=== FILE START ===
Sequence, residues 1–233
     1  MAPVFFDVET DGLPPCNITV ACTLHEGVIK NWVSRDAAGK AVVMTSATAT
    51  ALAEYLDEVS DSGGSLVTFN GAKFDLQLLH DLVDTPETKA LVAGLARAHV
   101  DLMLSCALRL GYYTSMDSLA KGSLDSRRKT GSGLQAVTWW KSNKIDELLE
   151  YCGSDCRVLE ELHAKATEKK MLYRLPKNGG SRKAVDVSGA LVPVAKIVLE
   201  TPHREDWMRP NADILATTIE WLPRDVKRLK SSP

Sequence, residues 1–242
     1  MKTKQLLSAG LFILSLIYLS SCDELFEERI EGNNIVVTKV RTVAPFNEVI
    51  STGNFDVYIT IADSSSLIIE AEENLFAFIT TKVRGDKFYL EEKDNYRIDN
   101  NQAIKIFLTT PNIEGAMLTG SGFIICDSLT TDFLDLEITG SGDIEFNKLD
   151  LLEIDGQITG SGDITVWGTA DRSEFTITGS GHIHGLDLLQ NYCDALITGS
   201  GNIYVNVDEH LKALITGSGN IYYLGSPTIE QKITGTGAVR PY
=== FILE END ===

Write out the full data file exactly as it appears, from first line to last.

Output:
Sequence, residues 1–233
     1  MAPVFFDVET DGLPPCNITV ACTLHEGVIK NWVSRDAAGK AVVMTSATAT
    51  ALAEYLDEVS DSGGSLVTFN GAKFDLQLLH DLVDTPETKA LVAGLARAHV
   101  DLMLSCALRL GYYTSMDSLA KGSLDSRRKT GSGLQAVTWW KSNKIDELLE
   151  YCGSDCRVLE ELHAKATEKK MLYRLPKNGG SRKAVDVSGA LVPVAKIVLE
   201  TPHREDWMRP NADILATTIE WLPRDVKRLK SSP

Sequence, residues 1–242
     1  MKTKQLLSAG LFILSLIYLS SCDELFEERI EGNNIVVTKV RTVAPFNEVI
    51  STGNFDVYIT IADSSSLIIE AEENLFAFIT TKVRGDKFYL EEKDNYRIDN
   101  NQAIKIFLTT PNIEGAMLTG SGFIICDSLT TDFLDLEITG SGDIEFNKLD
   151  LLEIDGQITG SGDITVWGTA DRSEFTITGS GHIHGLDLLQ NYCDALITGS
   201  GNIYVNVDEH LKALITGSGN IYYLGSPTIE QKITGTGAVR PY